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Why isn’t baseball’s free agent market clearing? February 21, 2019

Posted by tomflesher in Baseball, Economics.
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There’s been some discussion of the free agent market in baseball and its alleged inefficiency – that players like Manny Machado don’t sign until February and Bryce Harper is still unsigned, for example. Adam Wainwright, for example, has threatened a strike over free agency.

Certainly, there are many factors in play. However, the fact that there are stars who aren’t being picked up doesn’t mean that there’s anything nefarious afoot. Brad Brach, who signed with the Cubs on February 11, has complained about the teams’ use of algorithms to value players:


Let’s take that at face value and build a model of algorithms and noise. (It seems that Brach is implying collusion by teams, but in a future post I’ll discuss why I don’t think that’s likely.)

First, the simplifying assumptions:

  1. Players have an accurate valuation of their own talent levels (This is difficult to justify because players have an incentive to overvalue themselves, but the conclusions would not change qualitatively by relaxing this assumption)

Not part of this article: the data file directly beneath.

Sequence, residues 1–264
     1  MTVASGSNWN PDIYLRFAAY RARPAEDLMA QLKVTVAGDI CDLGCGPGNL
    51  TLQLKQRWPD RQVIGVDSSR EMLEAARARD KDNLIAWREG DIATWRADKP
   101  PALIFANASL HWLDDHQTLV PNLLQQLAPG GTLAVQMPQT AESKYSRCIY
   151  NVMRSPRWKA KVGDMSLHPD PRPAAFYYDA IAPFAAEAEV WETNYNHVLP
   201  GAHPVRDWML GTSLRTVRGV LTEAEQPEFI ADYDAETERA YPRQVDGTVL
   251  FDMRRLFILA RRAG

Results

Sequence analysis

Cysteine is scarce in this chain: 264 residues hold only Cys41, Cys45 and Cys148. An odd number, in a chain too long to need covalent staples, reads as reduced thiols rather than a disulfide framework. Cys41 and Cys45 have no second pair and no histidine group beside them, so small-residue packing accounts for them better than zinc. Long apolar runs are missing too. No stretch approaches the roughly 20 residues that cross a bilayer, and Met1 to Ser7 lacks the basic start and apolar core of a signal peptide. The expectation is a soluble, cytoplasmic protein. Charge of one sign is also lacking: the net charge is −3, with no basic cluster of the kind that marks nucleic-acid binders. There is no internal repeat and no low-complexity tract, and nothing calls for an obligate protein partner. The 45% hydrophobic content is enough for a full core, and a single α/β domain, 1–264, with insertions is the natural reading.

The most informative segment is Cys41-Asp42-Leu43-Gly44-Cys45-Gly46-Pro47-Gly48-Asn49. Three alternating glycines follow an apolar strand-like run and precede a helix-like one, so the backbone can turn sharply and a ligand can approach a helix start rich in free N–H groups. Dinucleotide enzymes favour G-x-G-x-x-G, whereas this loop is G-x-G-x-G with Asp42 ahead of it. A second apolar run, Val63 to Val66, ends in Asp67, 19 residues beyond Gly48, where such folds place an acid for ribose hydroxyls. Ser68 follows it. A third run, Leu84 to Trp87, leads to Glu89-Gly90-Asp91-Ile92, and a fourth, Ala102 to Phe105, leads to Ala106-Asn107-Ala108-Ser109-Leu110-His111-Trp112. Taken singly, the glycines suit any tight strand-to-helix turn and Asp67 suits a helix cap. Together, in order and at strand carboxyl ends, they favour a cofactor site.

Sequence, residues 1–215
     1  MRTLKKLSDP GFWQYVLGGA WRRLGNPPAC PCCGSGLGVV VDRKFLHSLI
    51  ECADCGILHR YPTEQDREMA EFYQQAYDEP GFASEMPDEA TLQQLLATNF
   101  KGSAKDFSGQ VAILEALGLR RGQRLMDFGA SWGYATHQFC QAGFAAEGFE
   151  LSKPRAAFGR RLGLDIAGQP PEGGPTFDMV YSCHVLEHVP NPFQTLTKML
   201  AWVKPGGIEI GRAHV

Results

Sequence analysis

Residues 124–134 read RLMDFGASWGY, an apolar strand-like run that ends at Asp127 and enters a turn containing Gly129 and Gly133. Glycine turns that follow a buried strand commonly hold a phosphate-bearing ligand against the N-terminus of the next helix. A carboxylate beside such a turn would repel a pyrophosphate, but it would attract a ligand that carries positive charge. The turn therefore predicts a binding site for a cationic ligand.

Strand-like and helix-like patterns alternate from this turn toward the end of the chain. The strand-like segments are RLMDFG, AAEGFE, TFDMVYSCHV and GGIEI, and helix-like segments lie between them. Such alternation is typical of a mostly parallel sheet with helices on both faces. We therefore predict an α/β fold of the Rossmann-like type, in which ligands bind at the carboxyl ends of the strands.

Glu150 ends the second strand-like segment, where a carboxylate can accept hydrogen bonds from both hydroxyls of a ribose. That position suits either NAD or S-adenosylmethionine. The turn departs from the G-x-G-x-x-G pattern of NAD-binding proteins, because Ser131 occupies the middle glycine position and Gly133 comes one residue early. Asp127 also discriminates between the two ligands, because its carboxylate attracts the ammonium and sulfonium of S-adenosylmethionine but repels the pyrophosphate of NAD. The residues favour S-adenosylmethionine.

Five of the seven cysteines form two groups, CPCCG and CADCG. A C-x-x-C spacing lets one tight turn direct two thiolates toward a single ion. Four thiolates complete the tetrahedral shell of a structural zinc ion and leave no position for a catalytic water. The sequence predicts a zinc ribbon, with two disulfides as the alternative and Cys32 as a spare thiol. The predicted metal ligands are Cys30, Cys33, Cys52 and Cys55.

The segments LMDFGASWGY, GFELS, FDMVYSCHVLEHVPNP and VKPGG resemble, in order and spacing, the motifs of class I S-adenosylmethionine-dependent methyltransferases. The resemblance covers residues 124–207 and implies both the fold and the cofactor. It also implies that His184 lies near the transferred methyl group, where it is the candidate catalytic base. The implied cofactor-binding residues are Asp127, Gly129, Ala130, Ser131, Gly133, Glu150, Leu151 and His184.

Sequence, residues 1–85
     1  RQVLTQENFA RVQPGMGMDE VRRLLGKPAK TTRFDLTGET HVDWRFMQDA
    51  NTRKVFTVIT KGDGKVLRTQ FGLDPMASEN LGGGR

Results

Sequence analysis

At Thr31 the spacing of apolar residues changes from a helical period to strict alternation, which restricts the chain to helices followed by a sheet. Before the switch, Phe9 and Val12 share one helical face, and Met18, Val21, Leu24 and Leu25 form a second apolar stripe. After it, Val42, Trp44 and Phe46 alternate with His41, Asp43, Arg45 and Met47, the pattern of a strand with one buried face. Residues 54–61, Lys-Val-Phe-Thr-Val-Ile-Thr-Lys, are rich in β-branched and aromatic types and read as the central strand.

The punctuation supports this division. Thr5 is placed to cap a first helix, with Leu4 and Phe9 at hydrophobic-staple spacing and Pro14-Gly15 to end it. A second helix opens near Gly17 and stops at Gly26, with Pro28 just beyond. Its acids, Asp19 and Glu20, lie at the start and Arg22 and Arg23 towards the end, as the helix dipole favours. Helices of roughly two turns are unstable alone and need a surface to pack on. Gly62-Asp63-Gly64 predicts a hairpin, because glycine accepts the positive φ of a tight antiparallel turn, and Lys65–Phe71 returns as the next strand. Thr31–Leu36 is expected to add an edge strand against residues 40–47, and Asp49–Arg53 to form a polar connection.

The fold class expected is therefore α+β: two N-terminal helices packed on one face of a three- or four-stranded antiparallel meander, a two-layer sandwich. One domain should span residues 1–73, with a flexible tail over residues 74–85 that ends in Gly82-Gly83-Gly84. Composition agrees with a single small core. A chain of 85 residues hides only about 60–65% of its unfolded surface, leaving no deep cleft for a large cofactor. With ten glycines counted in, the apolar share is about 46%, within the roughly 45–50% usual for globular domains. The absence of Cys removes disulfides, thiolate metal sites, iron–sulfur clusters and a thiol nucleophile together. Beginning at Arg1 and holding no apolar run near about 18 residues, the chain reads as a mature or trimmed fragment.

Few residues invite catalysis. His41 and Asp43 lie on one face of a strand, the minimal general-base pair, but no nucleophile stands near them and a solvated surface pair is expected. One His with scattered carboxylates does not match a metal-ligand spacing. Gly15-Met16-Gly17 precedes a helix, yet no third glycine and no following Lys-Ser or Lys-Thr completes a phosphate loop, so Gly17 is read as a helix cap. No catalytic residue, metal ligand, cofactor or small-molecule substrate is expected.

2. Teams have a noisy valuation of players based on the players’ talent levels (This is essentially the face value Brach’s claim: that teams use ‘algorithms’ based on player talent.)
  3. There are two teams with similar noise levels. (Modeling different forms of bias, or different preferences by teams, would probably not change the outcome very much, but would affect the distribution of players. Meanwhile, the market for some players is fairly large, but for many it’s very small, especially as prices rise.)
  4. All contracts are for one year. (This avoids the trouble of modeling players’ intertemporal rates of substitution, but a future version of this model may include preferences about both pay and number of years.)
  5. If a player is offered a contract that he thinks accurately reflects or overpays him, he signs with the team that offers him the bigger contract.

Poorly-constructed R code for a simulated free agent season:

for (i in c(1:1000)){data[i,1] <- runif(1)
data[i,2] <- data[i,1]+rnorm(1,mean=0,sd=.05)
data[i,3] <- data[i,1]+rnorm(1,mean=0,sd=.1)
data[i,4] <- max(data[i,2],data[i,3])
data[i,5] <- if(data[i,4]>=data[i,1]) data[i,5]=1 else data[i,5]=0}

Basically, generate a vector of random player talent levels; team 1 accurately values players with a standard deviation of .05, while team 2 accurately values them with a standard deviation of .1. 1000 players go on the market. Outcome:

V1 V2 V3 V4 V5
Min.     :0.0008885 Min.   : -0.1324 Min.   : -0.2024 Min.   : -0.1324 Min.   :0.000
1st Qu.:0.2613380 1st Qu.: 0.2621 1st Qu.: 0.2608 1st Qu.: 0.3012 1st Qu.:1.000
Median :0.4984726 Median : 0.4968 Median : 0.5133 Median : 0.5511 Median :1.000